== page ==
Over the past three years efforts have ramped up in Danbury to preserve historic land records and the Town Clerk's office has been able to improve electronic accessibility. Town Clerk Jan Giegler says they've been working to make the records accessible to the public, without them having to go to City Hall. Title searchers, attorneys, banks and residents currently have online access to the land record index through the City's website, but not the actual documents referenced.
More than $130,000 from the Historic Document Reserve Account will be used to complete the redaction of all Social Security numbers. Giegler says, right now, it's over 2 million pages that have to be scanned and redacted. In 1936, Social Security numbers were added to certain documents, but blossomed when mortgages and IRS liens added them in the 80s. Even death certificates include the sensitive information.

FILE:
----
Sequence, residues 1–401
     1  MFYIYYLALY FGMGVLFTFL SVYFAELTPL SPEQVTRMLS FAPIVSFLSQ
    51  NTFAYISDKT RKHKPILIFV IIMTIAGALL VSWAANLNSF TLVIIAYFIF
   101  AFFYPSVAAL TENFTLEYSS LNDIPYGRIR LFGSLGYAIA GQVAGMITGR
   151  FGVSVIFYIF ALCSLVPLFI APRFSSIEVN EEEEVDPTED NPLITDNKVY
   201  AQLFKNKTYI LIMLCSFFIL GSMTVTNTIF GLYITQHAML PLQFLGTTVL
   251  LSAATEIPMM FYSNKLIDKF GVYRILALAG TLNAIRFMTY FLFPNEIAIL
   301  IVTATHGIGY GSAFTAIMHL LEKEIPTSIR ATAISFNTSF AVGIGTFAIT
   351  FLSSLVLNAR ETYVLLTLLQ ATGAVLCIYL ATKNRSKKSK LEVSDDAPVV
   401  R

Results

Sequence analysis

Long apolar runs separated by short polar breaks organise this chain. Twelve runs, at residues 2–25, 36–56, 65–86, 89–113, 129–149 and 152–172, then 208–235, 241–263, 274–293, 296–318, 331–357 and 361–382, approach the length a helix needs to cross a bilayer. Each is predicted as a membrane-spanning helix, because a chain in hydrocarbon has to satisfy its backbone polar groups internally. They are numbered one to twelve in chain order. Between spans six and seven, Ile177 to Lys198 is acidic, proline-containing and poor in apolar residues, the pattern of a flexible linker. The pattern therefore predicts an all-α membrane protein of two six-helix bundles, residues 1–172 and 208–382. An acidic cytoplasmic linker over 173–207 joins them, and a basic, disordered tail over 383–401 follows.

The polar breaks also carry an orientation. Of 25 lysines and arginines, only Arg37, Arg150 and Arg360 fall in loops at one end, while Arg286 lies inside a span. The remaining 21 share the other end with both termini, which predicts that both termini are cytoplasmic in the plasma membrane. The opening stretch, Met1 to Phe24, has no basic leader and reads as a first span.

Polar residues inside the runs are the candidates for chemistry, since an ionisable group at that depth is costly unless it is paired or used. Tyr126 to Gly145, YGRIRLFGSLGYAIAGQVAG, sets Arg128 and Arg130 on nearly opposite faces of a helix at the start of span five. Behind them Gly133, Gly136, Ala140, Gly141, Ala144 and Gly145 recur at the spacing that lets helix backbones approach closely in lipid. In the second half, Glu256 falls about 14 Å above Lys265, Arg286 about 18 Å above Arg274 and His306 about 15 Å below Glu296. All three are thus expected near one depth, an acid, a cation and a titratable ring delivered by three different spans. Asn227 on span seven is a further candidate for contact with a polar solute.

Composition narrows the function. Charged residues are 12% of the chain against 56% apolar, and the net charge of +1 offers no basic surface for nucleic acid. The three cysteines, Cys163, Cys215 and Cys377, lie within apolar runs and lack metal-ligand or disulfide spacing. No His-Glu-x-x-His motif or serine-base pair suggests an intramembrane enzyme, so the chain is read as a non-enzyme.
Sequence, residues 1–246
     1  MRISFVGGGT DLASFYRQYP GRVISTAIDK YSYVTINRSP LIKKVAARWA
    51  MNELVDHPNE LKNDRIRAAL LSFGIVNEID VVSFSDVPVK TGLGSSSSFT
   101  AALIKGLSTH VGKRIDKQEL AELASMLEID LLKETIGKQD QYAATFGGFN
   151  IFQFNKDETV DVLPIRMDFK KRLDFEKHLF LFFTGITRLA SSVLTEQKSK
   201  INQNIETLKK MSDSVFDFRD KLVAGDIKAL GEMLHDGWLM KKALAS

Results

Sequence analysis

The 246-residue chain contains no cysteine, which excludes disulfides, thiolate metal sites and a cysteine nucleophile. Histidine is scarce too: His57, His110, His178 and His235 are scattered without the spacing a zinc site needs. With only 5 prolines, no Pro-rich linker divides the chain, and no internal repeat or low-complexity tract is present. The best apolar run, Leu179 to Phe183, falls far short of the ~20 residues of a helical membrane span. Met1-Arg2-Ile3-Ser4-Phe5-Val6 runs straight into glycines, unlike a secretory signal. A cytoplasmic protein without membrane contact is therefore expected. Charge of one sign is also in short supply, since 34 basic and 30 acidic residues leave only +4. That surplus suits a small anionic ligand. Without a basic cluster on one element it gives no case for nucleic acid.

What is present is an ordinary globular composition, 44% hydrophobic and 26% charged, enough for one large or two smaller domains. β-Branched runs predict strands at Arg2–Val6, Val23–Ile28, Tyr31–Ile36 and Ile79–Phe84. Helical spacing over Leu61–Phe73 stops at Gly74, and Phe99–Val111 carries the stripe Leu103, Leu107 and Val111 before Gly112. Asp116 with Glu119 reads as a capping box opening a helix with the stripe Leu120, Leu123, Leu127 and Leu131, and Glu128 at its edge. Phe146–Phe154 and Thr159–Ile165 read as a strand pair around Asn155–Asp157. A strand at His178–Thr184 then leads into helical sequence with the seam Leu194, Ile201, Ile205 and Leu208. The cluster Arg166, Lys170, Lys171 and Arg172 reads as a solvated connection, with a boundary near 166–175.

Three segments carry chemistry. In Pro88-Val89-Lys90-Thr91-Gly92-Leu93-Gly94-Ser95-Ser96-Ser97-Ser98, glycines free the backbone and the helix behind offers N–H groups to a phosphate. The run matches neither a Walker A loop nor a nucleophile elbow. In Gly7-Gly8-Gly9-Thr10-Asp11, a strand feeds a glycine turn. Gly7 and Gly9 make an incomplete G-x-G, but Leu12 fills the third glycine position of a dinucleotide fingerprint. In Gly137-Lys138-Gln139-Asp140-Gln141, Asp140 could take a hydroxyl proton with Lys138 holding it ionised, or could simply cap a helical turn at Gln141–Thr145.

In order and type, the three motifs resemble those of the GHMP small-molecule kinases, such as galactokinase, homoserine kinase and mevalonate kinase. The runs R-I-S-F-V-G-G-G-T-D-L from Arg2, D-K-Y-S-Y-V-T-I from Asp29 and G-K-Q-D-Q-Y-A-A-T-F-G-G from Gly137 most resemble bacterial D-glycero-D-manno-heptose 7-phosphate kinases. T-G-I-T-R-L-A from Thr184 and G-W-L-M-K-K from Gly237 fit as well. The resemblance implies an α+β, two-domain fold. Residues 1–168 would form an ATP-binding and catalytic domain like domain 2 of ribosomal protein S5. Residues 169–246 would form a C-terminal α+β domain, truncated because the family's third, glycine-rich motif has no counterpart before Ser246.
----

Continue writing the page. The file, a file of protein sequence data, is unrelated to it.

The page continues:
The office has already digitized records dating back to 1777 and they encourage people to go online instead of having to use the books in order to protect the historical documents.
Documents used to be $1 per page, and a check is needed, because the office doesn't have a credit card system. The allocation will leave the fund with just about $2,000. The office is now charging $2 dollars per page, which will replenish the fund.